I’m sure the aforementioned incidents are fairly common around the mean streets of Charlottetown so they in no way have led me to calling my ‘hood Crack Alley. Well, I shouldn’t say they weren’t a factor in my labelling. The neighbours and their friends don’t seem quite right. I’m pretty certain most of them don’t have jobs. I know they are at least considered suspicious by the police department. And they constantly roam the streets at all hours of the day and night, screaming, fighting and breaking stuff.

So why, then, do I write this letter and call my neighbourhood Crack Alley? Well, I’ll tell you why.

My roommate and his two little girls were walking out our door to their car, when one guy from the pack of ne’er-do-wells came up to ask him if he wanted to buy some crack, you know, to be thoughtful and considerate. You can never have enough crack, apparently. He was just being neighbourly, really. Oh, I misspoke, he actually said, “You want some fucking crack?” Fucking. Crack.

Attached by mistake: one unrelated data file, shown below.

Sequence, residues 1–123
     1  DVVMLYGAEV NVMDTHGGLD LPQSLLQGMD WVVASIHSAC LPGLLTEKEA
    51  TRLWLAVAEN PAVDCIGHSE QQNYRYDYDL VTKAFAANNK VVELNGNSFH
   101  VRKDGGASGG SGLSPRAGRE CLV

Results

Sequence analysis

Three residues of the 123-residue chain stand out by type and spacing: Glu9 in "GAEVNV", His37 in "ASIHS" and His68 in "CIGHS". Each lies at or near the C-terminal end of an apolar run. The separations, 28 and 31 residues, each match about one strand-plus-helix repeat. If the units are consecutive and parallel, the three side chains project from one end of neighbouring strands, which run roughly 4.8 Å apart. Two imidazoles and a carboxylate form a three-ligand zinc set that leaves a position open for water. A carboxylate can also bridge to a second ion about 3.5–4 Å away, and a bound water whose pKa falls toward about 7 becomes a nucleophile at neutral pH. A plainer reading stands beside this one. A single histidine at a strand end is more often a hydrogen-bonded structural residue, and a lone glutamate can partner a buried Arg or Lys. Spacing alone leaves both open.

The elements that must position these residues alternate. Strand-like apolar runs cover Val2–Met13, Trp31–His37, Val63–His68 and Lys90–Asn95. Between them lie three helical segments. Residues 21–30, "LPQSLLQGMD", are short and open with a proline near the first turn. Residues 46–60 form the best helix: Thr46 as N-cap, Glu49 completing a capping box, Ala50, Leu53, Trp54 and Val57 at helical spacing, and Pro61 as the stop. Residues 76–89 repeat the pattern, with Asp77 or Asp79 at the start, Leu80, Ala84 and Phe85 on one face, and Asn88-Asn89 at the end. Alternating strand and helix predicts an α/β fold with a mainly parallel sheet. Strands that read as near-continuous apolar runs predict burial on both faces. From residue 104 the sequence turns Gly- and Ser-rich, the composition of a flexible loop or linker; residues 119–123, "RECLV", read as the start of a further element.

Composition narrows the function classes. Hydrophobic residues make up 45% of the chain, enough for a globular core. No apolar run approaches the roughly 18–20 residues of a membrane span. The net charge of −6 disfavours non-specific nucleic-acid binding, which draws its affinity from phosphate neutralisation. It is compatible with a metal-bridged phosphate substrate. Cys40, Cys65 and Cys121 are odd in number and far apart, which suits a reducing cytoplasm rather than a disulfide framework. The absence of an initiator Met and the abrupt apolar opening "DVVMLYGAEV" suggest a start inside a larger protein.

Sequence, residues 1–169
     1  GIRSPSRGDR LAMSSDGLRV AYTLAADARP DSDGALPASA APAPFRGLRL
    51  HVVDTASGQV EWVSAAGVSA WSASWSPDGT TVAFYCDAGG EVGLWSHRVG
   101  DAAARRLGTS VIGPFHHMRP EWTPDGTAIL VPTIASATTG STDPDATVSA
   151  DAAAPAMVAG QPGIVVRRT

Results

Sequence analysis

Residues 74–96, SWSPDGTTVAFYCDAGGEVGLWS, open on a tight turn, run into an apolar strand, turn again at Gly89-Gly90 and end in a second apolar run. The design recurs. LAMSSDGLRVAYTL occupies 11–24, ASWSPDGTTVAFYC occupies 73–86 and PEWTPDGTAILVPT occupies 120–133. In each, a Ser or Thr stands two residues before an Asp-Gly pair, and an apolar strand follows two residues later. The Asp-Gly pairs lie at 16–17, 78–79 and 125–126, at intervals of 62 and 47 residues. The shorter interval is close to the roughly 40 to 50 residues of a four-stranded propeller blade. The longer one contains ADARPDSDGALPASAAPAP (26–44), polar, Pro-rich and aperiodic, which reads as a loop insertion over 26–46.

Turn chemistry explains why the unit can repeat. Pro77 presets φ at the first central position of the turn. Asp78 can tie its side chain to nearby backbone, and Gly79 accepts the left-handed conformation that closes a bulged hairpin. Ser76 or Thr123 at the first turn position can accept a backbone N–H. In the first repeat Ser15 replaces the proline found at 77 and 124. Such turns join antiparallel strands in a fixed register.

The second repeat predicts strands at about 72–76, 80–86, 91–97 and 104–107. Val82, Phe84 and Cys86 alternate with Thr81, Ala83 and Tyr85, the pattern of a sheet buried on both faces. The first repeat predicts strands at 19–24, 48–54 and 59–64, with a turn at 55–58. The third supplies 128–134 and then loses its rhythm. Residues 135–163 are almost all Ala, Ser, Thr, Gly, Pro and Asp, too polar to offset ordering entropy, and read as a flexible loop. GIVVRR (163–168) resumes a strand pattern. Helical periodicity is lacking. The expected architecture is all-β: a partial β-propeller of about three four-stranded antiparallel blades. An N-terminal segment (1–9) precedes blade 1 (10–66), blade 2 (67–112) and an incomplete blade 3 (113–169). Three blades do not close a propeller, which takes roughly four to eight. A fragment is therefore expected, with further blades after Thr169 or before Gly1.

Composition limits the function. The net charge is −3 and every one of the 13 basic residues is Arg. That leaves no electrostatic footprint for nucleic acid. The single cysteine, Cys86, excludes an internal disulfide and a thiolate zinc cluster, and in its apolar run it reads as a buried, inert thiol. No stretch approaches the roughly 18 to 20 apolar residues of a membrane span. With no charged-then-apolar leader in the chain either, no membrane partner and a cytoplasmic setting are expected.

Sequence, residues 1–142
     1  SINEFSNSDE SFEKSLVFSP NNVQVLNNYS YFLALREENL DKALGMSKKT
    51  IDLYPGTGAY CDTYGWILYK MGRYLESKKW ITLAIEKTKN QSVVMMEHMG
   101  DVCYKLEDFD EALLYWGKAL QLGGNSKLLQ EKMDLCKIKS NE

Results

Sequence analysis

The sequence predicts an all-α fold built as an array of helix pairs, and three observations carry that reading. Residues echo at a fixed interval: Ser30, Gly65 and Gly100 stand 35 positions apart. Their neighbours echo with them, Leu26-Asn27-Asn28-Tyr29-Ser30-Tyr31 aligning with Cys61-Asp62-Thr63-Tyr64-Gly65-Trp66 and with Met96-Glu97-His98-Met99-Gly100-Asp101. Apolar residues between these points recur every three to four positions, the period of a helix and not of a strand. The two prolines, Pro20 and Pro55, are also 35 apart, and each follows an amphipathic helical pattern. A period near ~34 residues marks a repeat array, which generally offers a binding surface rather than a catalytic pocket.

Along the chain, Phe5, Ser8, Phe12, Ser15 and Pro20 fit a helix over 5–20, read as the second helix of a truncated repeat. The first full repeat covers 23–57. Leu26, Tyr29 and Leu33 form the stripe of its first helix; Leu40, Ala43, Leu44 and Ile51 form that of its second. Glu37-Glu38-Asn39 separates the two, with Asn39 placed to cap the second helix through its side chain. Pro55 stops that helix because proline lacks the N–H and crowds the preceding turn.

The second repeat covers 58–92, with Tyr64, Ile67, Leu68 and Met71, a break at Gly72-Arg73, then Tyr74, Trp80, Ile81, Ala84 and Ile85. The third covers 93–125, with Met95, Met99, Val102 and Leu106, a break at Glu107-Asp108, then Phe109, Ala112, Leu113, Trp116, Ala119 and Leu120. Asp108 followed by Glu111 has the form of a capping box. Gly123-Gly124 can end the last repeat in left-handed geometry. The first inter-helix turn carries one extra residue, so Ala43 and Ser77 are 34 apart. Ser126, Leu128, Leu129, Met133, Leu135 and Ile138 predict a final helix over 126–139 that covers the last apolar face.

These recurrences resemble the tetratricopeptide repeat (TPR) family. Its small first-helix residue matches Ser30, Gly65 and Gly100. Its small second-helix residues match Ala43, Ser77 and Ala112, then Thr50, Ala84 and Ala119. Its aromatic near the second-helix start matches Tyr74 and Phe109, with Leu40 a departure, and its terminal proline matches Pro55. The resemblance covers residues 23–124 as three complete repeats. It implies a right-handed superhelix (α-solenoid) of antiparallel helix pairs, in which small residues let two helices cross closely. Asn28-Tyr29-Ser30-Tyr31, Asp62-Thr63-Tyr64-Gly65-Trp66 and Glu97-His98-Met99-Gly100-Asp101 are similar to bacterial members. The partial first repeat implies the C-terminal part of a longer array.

After hearing that, my suspicions were confirmed: We live next door to crack heads. What is this place? Crack Alley or something? Indeed it is.

Ok, that’s my piece. Since you’re probably pretty sure my neighbours are at the very least really bad drunks and even more likely using and/or dealing crack, and who cause a LOT of disturbance, I ask you, what are you going to do about this problem?

I don’t feel totally safe here, and to be honest, I worry our cars will get smashed. You never know. What if Leonard is out and about again one night and is trying to throw a bottle at someone’s head, but misses his target and hits my car? Not cool, Leonard. Not cool at all.

Well, I guess it’s time to end this rant because unlike Leonard & Co., I must get up for work in the morning.

 

Sincerely,

Katie Smith